Mass protests against police brutality that have brought thousands of people onto the streets in cities across America are raising the specter of new coronavirus outbreaks, prompting political leaders, physicians and public health experts to warn that the crowds could cause a surge in cases. While many political leaders affirmed the right of protesters to express themselves, they urged the demonstrators to wear face masks and maintain social distancing, both to protect themselves and to prevent further community spread of the virus. Some infectious disease experts were reassured by the fact that the protests were held outdoors, saying the open air settings could mitigate the risk of transmission.

    • How do we start exercising again without hurting ourselves after months of lockdown?

      Exercise researchers and physicians have some blunt advice for those of us aiming to return to regular exercise now: Start slowly and then rev up your workouts, also slowly. American adults tended to be about 12 percent less active after the stay-at-home mandates began in March than they were in January. But there are steps you can take to ease your way back into regular exercise safely. First, “start at no more than 50 percent of the exercise you were doing before Covid,” says Dr. Monica Rho, the chief of musculoskeletal medicine at the Shirley Ryan AbilityLab in Chicago. Thread in some preparatory squats, too, she advises. “When you haven’t been exercising, you lose muscle mass.” Expect some muscle twinges after these preliminary, post-lockdown sessions, especially a day or two later. But sudden or increasing pain during exercise is a clarion call to stop and return home.

    • My state is reopening. Is it safe to go out?

      States are reopening bit by bit. This means that more public spaces are available for use and more and more businesses are being allowed to open again. The federal government is largely leaving the decision up to states, and some state leaders are leaving the decision up to local authorities. Even if you aren’t being told to stay at home, it’s still a good idea to limit trips outside and your interaction with other people.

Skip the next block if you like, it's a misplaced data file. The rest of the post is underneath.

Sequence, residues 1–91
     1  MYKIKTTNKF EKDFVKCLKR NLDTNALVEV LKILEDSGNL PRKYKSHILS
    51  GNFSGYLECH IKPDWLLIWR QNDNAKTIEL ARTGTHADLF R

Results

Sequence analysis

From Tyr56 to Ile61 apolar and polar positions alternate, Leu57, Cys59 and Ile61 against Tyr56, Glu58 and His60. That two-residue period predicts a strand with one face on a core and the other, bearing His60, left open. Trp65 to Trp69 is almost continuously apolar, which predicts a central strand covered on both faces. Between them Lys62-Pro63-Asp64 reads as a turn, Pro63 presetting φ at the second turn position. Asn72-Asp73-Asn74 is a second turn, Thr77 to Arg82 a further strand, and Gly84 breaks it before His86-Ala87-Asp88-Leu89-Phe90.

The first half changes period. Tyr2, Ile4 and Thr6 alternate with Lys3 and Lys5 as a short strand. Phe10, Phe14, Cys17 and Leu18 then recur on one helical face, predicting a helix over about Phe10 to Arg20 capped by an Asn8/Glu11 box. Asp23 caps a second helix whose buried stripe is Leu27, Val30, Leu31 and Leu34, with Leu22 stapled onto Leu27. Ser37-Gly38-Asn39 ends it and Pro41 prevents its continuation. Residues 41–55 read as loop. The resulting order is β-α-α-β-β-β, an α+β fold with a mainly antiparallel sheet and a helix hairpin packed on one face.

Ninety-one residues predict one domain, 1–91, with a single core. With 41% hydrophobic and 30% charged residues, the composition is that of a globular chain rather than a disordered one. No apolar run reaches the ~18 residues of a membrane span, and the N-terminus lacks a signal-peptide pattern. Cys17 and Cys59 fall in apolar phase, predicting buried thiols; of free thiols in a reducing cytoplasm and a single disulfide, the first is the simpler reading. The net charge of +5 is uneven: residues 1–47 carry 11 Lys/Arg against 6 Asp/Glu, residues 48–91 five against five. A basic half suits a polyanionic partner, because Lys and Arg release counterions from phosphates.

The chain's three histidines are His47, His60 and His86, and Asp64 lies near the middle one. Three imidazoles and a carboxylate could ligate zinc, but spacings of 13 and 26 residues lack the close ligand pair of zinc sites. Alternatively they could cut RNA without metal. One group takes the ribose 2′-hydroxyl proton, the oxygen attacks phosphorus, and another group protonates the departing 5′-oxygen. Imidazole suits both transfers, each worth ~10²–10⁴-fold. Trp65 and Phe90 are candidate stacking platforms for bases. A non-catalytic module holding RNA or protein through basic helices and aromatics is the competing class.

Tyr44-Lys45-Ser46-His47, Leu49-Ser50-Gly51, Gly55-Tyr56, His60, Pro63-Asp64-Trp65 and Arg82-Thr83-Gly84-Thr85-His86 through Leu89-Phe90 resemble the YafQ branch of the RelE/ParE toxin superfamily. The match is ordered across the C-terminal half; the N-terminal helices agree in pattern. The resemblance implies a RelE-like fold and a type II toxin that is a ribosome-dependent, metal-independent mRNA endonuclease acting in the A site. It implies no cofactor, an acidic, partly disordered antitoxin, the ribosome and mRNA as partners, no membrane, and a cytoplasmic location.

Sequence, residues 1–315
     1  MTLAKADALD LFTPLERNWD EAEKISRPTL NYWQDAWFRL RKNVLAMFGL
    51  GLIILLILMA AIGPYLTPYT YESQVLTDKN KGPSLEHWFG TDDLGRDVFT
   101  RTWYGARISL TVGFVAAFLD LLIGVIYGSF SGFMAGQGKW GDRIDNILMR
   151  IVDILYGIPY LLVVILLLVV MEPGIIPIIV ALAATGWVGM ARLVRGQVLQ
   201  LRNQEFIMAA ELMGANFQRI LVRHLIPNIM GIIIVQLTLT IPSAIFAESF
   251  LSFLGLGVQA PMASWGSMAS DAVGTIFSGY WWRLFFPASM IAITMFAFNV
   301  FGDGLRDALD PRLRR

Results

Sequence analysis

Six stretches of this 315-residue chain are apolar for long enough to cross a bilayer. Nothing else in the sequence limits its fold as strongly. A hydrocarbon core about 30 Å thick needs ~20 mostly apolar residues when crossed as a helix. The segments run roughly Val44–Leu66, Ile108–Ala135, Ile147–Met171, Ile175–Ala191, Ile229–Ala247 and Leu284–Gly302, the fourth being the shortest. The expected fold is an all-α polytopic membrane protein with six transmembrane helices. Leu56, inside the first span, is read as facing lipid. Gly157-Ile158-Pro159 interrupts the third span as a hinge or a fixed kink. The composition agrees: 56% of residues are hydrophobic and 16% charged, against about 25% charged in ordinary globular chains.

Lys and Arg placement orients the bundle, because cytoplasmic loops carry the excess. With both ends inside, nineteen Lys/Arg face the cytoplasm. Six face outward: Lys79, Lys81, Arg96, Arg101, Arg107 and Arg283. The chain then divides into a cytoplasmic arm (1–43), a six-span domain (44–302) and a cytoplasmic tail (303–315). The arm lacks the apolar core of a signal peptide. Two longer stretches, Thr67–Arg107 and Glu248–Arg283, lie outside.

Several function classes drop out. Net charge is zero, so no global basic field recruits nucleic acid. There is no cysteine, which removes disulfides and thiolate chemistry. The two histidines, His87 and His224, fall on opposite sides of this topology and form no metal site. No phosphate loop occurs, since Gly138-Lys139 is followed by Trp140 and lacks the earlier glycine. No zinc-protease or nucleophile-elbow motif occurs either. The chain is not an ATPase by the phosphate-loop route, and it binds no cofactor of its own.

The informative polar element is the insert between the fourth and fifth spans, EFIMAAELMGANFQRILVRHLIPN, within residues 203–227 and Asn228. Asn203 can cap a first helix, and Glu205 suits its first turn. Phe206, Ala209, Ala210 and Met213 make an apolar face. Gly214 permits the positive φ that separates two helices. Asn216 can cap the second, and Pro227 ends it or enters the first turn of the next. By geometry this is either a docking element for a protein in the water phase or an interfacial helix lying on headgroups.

• What are the symptoms of coronavirus?

      Common symptoms include fever, a dry cough, fatigue and difficulty breathing or shortness of breath. Some of these symptoms overlap with those of the flu, making detection difficult, but runny noses and stuffy sinuses are less common. The C.D.C. has also added chills, muscle pain, sore throat, headache and a new loss of the sense of taste or smell as symptoms to look out for. Most people fall ill five to seven days after exposure, but symptoms may appear in as few as two days or as many as 14 days.

    • How can I protect myself while flying?

      If air travel is unavoidable, there are some steps you can take to protect yourself. Most important: Wash your hands often, and stop touching your face. If possible, choose a window seat. A study from Emory University found that during flu season, the safest place to sit on a plane is by a window, as people sitting in window seats had less contact with potentially sick people. Disinfect hard surfaces. When you get to your seat and your hands are clean, use disinfecting wipes to clean the hard surfaces at your seat like the head and arm rest, the seatbelt buckle, the remote, screen, seat back pocket and the tray table. If the seat is hard and nonporous or leather or pleather, you can wipe that down, too. (Using wipes on upholstered seats could lead to a wet seat and spreading of germs rather than killing them.)

    • Should I wear a mask?

      The C.D.C. has recommended that all Americans wear cloth masks if they go out in public. This is a shift in federal guidance reflecting new concerns that the coronavirus is being spread by infected people who have no symptoms. Until now, the C.D.C., like the W.H.O., has advised that ordinary people don’t need to wear masks unless they are sick and coughing. Part of the reason was to preserve medical-grade masks for health care workers who desperately need them at a time when they are in continuously short supply. Masks don’t replace hand washing and social distancing.

    • What should I do if I feel sick?

      If you’ve been exposed to the coronavirus or think you have, and have a fever or symptoms like a cough or difficulty breathing, call a doctor. They should give you advice on whether you should be tested, how to get tested, and how to seek medical treatment without potentially infecting or exposing others.